WALNUT RIDGE, AR (KAIT)- The Walnut Ridge community celebrated the life of 14-year old Sidney Randall who went missing on March 9th and was found on May 18th in the Black River.
The Walnut Ridge High School gym was filled with family and friends even people in the community who didn't know Sidney but wanted to pay their respects to the family.
"My daughter was one of Sidney's friends and she'd been missing for so long. I just felt today these kids could come together and get some closure," said parent, Tina Dunlap.
"All these kids are having a hard time and I just hope that it helps them get past it," she said.
Anna Bland is a junior at Walnut Ridge High School and said she will remember Sidney as the sweet girl who was always smiling.
"Sidney was on the flag line, I play the alto sax in band," Bland said. "I didn't know her well but the few times I did talk to her she was always really sweet so I just wanted to pay my respects."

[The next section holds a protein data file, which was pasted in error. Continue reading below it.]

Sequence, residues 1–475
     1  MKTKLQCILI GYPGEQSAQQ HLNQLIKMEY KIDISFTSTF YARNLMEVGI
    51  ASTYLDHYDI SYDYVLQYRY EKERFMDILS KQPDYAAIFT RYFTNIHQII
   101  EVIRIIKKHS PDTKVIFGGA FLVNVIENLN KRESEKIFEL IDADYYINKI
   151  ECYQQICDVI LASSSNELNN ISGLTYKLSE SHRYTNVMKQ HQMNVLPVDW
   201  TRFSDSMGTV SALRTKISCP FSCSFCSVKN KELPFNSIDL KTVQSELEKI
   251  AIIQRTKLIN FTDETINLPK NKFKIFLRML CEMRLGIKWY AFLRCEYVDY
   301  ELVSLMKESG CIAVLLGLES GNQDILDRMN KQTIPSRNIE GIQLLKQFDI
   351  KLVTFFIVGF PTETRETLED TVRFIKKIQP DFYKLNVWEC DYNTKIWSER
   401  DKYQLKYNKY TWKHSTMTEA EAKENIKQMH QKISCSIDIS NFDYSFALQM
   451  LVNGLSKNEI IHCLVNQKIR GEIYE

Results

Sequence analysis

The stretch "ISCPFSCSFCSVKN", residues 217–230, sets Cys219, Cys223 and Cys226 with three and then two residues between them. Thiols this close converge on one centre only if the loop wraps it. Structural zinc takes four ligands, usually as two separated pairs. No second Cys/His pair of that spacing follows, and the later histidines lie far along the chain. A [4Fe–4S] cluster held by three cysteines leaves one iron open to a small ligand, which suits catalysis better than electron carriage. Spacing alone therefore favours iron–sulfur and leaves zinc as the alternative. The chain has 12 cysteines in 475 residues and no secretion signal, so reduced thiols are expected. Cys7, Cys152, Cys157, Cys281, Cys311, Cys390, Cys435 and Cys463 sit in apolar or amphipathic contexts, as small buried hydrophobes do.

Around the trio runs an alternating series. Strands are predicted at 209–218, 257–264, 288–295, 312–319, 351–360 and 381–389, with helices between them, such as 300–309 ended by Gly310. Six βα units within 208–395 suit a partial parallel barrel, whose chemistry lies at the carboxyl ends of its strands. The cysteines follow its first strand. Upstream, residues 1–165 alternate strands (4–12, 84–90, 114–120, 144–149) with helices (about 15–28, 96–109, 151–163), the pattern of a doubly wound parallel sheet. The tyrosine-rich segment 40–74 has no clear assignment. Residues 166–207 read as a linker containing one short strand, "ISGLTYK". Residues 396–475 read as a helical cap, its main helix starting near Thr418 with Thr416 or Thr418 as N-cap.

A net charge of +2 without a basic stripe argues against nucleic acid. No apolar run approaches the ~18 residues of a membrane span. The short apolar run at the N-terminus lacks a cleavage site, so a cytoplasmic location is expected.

The community honored Sidney's memory in many ways. Classmates arrived with Sidney's favorite flower and everyone who attended the memorial service wore a ribbon in her honor.
"One of my friends has a younger sister in that grade who was a close friend of hers and I know it was a big thing to them so I think it was important that all the school shows up in support," said 10th grader Aubree Hughart.
The Rumblin' Round the Ridge biker group rode in together wearing pink which is Sidney's favorite color.
"The family asked us to make a presence here today and we formed a pretty close bond with the family," said President of the group, Jeremy Mclaughlin.
"We did a ride back whenever she went missing to support them family and raise money for them," McLaughlin said.
And some unexpected guests were the Texas Equu Search team from Ohio who came out in March to help in the search before she was found earlier this month.
"They really opened their doors for us here and we just felt it was the right thing to do," said David Rader, director of the Ohio Chapter of Texas EquuSearch.
"This starts the healing process now."
Rader said there was something special about this community that made him come back for today's service.
"The outpouring when Sidney was found the phone calls that I received I could you not," Rader said.
"We spent a week here but it seemed like a lifetime and I just feel like we belong and we needed to do this as a team," he said.
The memorial service started at 2pm and was followed by a private burial.